Luckily the part with seracs was not very long, and we got to a safer spot in a few minutes. We were now at the top of the glacier, and took a short break to eat some snacks, get a bit to drink, and catch our breath before the wall. Sun was just starting to rise above the valley in front of us, but were still in the shadow of the Yanapaccha ridge.
At some point during the break our guides started preparing the ropes, and I found myself second on our rope, next to our guide. He gave himself some 30-40 meters of slack on the rope in between us, and instructed me to start climbing after him once the rope got taut. I was pretty much focused on catching my breath, and just nodded my head without really giving it much thought.
Some minutes later I felt a tug on the rope, quickly got on my feet and turned around. The view above me shocked me a little bit: the guide was 30-40 meters above me, and not even halfway through the wall. I was anxious, nervous, thrilled, excited, with some half a dozen other conflicted feelings all at the same time! Still, there was little else for me to do than to start climbing.
The angle of the snow at this point was not very steep, perhaps 45 degrees. But it was getting steeper and steeper, and quite fast I had to start to really use my axe. I had decided to climb with just one axe instead of tools, since I seemed to do better that way, and the wall was not going to be quite vertical anyway.
There was about an inch of hard, frozen snow on top, then mayde a dozen inches of soft snow below, with hard ice beneath. Once the angle of the slope got to around 70 degrees, I found that due to my weight (some 98 kilos + gear) the snow would not carry my weight, so I had to struggle quite a bit. I got up one step, only to find the snow crumbling after my weight, and then having to find purchase for my crampons on the ice.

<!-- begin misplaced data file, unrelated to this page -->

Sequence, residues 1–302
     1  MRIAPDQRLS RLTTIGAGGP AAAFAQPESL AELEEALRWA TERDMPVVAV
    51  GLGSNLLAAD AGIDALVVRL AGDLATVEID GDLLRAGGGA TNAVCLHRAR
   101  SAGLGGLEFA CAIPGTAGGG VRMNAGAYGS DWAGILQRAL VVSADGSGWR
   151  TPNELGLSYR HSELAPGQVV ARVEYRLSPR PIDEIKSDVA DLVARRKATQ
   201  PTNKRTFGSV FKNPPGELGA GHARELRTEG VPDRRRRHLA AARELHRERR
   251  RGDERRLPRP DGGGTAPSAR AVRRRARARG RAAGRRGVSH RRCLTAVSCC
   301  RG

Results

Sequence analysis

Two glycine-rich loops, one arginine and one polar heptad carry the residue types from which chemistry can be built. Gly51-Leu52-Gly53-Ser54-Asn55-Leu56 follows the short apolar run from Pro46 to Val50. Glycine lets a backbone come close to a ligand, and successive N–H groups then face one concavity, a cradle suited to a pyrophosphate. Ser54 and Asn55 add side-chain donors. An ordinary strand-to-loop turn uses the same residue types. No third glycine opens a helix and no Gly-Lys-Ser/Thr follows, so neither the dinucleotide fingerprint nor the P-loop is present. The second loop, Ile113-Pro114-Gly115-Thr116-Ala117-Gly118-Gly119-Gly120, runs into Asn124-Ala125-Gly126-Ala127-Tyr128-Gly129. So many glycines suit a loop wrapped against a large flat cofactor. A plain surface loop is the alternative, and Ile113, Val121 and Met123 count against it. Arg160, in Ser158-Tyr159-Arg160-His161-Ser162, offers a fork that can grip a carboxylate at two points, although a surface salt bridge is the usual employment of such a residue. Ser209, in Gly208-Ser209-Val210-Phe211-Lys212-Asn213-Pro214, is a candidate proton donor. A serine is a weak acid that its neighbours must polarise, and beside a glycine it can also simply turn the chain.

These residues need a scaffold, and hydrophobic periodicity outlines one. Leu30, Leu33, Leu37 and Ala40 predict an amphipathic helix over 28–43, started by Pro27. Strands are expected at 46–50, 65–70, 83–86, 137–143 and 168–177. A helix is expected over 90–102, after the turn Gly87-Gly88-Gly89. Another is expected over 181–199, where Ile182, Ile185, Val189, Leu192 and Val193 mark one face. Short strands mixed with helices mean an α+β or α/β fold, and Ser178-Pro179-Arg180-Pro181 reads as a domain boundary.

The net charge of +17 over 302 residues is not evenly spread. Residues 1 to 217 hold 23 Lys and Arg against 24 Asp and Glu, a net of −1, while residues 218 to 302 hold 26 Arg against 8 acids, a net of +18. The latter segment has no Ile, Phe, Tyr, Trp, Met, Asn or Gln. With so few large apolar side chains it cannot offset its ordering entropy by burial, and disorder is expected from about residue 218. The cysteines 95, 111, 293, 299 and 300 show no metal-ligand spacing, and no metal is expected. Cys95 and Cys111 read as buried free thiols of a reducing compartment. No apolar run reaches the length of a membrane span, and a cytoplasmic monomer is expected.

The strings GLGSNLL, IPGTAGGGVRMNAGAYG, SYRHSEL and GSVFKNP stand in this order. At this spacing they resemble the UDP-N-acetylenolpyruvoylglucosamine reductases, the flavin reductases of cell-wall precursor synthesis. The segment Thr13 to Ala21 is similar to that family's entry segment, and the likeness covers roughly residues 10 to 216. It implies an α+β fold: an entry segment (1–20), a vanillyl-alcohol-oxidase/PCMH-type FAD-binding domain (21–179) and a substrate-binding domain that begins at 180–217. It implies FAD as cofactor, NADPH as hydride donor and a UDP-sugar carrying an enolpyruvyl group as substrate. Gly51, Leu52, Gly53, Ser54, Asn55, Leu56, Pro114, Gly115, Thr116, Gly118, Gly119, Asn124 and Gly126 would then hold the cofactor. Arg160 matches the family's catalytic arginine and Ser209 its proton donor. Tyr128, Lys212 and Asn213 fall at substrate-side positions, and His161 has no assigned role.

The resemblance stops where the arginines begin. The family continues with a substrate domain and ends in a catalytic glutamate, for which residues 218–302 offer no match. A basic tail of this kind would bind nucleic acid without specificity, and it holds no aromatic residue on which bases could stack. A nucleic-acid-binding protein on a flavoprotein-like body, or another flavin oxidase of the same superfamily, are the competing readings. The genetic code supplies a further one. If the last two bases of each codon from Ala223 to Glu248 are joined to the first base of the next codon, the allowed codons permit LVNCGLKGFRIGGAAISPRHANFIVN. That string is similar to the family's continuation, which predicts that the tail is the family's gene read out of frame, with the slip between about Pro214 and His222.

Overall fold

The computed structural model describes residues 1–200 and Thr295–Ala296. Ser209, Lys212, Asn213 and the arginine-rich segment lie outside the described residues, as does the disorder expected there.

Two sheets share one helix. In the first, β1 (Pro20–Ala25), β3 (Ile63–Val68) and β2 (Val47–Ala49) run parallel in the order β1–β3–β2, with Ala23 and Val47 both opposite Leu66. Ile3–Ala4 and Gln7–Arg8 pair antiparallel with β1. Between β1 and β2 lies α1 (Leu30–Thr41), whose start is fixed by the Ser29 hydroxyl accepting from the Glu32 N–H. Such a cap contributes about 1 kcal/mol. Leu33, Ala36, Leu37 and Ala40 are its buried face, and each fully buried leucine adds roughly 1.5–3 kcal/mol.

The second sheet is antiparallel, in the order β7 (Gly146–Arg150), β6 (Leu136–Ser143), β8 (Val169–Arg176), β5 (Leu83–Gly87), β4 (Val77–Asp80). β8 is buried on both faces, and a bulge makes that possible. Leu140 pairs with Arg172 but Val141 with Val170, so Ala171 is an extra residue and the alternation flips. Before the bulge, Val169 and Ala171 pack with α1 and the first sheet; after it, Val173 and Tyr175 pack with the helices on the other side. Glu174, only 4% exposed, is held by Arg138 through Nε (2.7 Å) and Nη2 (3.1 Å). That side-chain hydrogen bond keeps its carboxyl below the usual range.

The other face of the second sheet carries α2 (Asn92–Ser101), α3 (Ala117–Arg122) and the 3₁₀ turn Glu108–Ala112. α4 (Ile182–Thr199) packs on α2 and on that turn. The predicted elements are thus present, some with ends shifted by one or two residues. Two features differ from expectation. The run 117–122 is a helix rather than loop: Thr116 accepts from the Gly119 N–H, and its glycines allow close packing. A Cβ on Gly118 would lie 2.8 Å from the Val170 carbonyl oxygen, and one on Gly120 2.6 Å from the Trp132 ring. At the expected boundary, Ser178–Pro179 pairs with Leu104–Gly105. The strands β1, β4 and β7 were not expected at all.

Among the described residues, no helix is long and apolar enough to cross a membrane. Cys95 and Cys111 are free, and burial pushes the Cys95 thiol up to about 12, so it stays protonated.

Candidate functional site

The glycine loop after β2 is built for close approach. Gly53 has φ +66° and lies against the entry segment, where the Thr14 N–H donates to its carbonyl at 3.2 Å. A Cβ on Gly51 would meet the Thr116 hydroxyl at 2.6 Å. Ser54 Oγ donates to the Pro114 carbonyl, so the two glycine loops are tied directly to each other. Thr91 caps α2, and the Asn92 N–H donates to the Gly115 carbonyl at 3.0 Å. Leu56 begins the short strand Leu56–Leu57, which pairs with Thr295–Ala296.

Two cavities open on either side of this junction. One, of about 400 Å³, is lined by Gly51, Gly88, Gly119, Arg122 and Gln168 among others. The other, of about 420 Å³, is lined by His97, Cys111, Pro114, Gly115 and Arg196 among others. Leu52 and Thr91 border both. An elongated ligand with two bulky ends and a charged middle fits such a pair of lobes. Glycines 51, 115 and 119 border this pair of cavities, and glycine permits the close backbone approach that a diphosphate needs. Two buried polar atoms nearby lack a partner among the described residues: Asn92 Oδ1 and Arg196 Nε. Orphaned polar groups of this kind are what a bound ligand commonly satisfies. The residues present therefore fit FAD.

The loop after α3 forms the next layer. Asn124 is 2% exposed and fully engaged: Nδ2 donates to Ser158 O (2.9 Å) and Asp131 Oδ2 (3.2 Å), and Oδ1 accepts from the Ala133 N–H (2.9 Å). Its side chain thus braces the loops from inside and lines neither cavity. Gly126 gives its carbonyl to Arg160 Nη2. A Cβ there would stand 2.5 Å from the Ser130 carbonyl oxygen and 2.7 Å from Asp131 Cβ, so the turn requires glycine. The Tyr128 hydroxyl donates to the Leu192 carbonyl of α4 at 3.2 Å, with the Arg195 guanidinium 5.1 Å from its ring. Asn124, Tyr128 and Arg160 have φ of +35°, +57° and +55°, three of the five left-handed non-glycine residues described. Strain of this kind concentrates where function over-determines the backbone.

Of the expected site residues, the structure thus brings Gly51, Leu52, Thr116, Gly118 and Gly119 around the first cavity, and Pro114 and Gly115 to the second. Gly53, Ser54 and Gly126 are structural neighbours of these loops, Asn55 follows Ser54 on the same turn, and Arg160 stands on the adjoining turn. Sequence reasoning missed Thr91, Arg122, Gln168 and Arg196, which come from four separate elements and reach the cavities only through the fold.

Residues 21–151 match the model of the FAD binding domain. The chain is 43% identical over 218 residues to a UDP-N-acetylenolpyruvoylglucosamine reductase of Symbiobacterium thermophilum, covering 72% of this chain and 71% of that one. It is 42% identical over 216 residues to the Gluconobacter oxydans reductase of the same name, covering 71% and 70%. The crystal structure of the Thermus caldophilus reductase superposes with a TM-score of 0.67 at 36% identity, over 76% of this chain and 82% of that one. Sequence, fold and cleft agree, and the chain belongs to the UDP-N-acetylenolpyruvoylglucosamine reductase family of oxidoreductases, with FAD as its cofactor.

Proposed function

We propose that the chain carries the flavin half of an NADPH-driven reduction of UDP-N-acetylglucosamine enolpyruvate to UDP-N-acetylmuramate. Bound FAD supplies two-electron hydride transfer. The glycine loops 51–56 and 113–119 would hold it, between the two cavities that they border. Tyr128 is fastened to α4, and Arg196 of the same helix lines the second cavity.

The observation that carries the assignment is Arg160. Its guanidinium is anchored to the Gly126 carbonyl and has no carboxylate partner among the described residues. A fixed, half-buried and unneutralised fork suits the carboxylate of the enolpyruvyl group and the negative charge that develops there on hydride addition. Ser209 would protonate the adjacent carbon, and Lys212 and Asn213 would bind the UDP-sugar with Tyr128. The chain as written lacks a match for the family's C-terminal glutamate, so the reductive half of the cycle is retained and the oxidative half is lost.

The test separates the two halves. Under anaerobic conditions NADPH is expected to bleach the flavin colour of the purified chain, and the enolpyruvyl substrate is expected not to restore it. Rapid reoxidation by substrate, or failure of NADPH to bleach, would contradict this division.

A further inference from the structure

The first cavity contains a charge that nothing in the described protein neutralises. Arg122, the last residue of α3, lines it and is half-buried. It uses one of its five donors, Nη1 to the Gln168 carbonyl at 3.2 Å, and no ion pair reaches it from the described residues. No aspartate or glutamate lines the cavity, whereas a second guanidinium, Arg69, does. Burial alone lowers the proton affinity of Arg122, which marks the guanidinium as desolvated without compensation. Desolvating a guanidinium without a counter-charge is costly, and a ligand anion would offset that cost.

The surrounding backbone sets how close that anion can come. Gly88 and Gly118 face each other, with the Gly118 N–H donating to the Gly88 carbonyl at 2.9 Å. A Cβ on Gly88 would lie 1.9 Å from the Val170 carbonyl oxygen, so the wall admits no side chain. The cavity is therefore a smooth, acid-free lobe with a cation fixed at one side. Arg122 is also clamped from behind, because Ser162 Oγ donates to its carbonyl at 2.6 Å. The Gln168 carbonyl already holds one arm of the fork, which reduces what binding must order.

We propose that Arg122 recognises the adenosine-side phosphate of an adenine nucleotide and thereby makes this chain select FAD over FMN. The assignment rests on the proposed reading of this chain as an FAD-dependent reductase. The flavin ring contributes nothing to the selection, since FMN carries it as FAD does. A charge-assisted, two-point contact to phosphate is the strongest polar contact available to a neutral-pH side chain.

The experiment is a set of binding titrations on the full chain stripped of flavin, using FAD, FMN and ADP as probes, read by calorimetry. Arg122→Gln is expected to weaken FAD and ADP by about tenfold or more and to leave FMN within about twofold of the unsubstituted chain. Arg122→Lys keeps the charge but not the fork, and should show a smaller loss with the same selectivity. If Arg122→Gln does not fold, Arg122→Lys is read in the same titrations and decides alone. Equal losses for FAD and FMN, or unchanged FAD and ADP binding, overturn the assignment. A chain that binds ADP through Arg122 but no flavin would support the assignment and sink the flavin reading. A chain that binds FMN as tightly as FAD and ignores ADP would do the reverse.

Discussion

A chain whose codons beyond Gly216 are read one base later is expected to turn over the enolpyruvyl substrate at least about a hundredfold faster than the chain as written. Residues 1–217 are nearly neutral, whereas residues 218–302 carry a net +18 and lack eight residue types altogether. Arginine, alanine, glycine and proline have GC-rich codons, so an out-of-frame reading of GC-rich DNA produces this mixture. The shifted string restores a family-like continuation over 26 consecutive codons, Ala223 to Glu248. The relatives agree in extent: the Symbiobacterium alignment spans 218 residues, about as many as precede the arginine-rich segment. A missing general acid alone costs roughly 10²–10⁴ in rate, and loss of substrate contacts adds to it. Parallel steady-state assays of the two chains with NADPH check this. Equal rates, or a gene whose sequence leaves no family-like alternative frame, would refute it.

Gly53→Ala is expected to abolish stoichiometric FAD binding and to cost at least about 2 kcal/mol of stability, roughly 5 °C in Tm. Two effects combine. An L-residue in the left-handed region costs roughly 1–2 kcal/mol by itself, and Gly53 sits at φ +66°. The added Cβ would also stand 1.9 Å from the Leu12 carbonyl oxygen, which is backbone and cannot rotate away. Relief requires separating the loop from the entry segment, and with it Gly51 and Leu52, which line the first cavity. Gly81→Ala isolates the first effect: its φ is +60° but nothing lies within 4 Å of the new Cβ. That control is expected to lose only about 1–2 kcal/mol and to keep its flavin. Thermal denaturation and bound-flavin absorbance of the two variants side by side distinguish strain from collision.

The climbing was not technically very difficult, and I don't think the angle ever got to more than maybe 75 degrees for a short while. But still the pure length of the climb really took the juices out of me! Around half way through both my calves were burning up and cramping, and I had to struggle to keep myself and the team moving. I slipped a few times, but our guide had placed some running belays and was able to hold my weight quite easily.
After around two thirds of the way the slope started getting easier and I managed to get some rest between steps, since my two rope buddies below me now on the harder part. Still it took quite a bit of effort to climb higher and higher. I remember feeling really exhausted and wondering what the hell Iwas doing on that mountain, when I saw that the sunrise had reached the ridge, and I knew that after just a few more meters of climbing I would be basking in the light, getting warm, drinking and recovering. That was all the motivation I needed, and soon enough I found myself on the ridge, next to our guide, panting with a huge grin on my face.
The wall was by far the hardest climbing I had ever done. Still the view was more than enough to make up for it. The sun was shining on the other side of the mountain, above the Amazon, and I was just amazed of how beautiful the view was.
Traversing the ridge
After everyone got to the ridge, we took a quick break since everyone was feeling more or less exhausted after the wall. We took some photos, and switched the order of the teams; it was now time for the other team to lead the way.
We started traversing the ridge on the shadow side of it towards the summit.
The climbing here was not very hard. At it's steepest the angle was perhaps 45 degrees, usually easier. So technically it was not very challenging and physically it was mostly very easy stuff.